A call for human rights impact assessments

© Carine Pionetti
Many industrial countries call on countries of the South to introduce stronger regulations on plant breeding. Together with its partner organisations, Public Eye carried out a human rights impact assessment to show the ramifications of this on the right to food.

For years, Public Eye has been criticising Switzerland and other industrial countries for pressuring developing countries into joining the International Union for the Protection of New Varieties of Plants (UPOV). By joining this intergovernmental organisation, countries commit to incorporate a higher level of protection for commercial seeds and planting material in their national legislation. For years, Public Eye has been pointing to the fact that the countries of the South were not included in the negotiations on the development of the UPOV system, which as a result serves neither their interests nor their needs.

“Owning seeds, accessing food”

In October 2014, Public Eye published a comprehensive pioneering study that showed how their accession to UPOV jeopardised the livelihood of small-scale farmer families dependent upon traditional seed multiplication. The study “Owning Seeds, Accessing Food – A human rights impact assessment of UPOV 1991 based on case studies in Kenya, Peru and the Philippines” describes and proves the specific limitations that stricter plant variety protection laws impose on small-scale farmers when it comes to using protected seeds from the previous year’s harvest. UPOV imposes a blanket ban on the exchange and sale of seeds produced in this way and significantly limits the free use of these in farmers’ own fields.

Die strengen Sortenschutz-Gesetze schränken Kleinbauern und –bäuerinnen bei der Verwendung von geschütztem Saatgut aus der vorjährigen Ernte stark ein.

Bilateral free trade agreements are a favoured instrument to pressure developing countries to join UPOV – Switzerland has repeatedly done so in previous FTA negotiations. At the same time, however, it has refused to carry out the human rights impact assessments (HRIAs) that Public Eye has been calling for. These assessments enable possible negative consequences on the human rights situation in partner countries to be identified in advance and thus prevented. The Federal Council’s flat refusal to carry out prior human rights impact assessments is clear in its answer to an appeal made by National Councillor Claudia Friedl in March 2015 for no demand for stricter plant variety protection laws to be made in free trade agreements.

Concerning results

In response to the inertia of the Swiss government and increasing pressure on the countries of the South to change their plant variety protection laws, Public Eye launched a large initiative, joining forces with other NGOs to carry out a human rights impact assessment. In cooperation with local experts, they assessed how joining UPOV and introducing the corresponding seed protection laws would impact marginalised population groups’ right to food in Kenya, Peru and the Philippines. The results of this empirical study are concerning: most producers in the South depend on access to seeds and planting material within an informal seed system, i.e. they access commercial seeds by reproducing or exchanging seeds between farmer families or buying seeds from other farmers at local markets. If this informal seed system is restricted by the introduction of stricter plant variety protection legislation of the kind required by UPOV it hinders small-scale farmers’ access to seeds and can even endanger their right to food. These plant variety protection laws criminalise traditional practices used to maintain, ensure the sustainable use of and further develop seeds. In the medium term, the loss of this traditional knowledge can also endanger the right to food.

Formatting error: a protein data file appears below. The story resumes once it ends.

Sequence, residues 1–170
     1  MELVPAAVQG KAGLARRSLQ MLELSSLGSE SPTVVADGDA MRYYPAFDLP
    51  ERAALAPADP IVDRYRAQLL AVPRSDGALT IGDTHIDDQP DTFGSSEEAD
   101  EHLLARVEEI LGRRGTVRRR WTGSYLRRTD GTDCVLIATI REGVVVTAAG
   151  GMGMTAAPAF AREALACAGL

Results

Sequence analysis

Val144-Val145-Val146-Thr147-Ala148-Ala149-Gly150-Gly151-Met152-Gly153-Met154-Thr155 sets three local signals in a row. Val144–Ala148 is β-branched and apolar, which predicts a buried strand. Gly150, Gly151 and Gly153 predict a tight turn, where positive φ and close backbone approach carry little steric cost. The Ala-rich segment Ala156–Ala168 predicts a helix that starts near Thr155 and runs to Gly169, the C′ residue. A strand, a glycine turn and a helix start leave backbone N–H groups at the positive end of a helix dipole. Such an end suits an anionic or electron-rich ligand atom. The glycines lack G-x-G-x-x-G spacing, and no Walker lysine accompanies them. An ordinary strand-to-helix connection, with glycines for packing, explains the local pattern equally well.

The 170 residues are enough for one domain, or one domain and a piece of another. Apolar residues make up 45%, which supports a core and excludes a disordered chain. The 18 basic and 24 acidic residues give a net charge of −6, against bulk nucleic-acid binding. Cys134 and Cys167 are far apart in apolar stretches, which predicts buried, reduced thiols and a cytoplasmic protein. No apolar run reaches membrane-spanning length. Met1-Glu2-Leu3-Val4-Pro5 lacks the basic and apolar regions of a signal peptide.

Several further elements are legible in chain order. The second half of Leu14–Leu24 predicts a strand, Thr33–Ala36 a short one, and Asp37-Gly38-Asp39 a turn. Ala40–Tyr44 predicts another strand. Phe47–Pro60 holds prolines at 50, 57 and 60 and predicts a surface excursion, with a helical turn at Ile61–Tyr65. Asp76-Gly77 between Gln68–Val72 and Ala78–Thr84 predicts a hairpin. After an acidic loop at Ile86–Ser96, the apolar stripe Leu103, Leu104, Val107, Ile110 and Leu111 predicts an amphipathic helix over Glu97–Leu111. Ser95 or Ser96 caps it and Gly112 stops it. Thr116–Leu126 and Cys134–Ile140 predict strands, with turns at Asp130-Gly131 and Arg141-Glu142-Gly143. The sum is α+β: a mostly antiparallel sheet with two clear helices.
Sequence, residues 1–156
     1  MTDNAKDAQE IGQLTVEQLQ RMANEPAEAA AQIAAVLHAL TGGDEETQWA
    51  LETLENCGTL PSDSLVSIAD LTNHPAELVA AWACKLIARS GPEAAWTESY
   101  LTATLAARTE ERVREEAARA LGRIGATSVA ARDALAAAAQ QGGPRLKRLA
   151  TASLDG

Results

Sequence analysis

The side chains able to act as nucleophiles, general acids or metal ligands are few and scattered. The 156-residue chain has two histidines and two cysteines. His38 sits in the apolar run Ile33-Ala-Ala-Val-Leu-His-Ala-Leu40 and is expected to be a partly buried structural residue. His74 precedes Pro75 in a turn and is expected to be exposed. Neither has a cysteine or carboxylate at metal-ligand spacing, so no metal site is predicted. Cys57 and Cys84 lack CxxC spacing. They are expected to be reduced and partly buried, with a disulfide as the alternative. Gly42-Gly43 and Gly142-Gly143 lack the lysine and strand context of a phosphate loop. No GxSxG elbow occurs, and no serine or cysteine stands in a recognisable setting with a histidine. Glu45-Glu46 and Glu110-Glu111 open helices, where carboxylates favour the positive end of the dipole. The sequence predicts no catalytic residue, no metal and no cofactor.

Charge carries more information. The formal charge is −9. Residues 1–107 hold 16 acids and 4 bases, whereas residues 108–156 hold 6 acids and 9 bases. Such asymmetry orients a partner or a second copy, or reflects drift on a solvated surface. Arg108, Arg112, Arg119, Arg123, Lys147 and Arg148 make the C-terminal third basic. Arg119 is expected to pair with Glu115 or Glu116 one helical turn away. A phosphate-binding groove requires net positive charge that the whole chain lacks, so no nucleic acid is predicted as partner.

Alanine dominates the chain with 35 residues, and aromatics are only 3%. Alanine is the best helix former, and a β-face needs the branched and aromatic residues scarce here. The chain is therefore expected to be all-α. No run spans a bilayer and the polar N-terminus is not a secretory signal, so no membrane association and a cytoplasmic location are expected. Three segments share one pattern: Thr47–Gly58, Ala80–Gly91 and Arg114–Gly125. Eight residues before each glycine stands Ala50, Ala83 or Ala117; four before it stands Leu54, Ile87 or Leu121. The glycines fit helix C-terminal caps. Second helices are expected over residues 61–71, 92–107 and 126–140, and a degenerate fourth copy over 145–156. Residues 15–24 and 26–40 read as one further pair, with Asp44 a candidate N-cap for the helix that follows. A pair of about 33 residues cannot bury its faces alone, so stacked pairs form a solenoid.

© Carina Pionetti
Nicht nur Früchte und Gemüse, auch das Saatgut wird in den untersuchten Ländern grossteils auf lokalen Märkten gehandelt.

Switzerland must take action

Aware of this, Public Eye and its partner organisations have certain specific demands for the governments of Switzerland and other countries:

  • Government in the South must carry out human rights impact assessments before plant variety protection legislation is introduced or amended.
  • To protect their small-scale farming populations, governments should use the policy space provided to them by the TRIPS agreement and other international treaties – there are alternatives to the UPOV system.
  • In free trade agreements, Switzerland should refrain from making any demands in relation to plant variety protection.
  • The Swiss government must finally start carrying out human rights impact assessments before it concludes new free trade agreements. Such assessments are key to discharge Switzerland’s international obligations in the area of human rights.

Together with its partners, Public Eye has submitted these demands to the appropriate bodies. We also inform important stakeholders of the results of our studies at events at UN human rights bodies, the FAO and at the national level.

The study and the corresponding factsheet are available in several languages.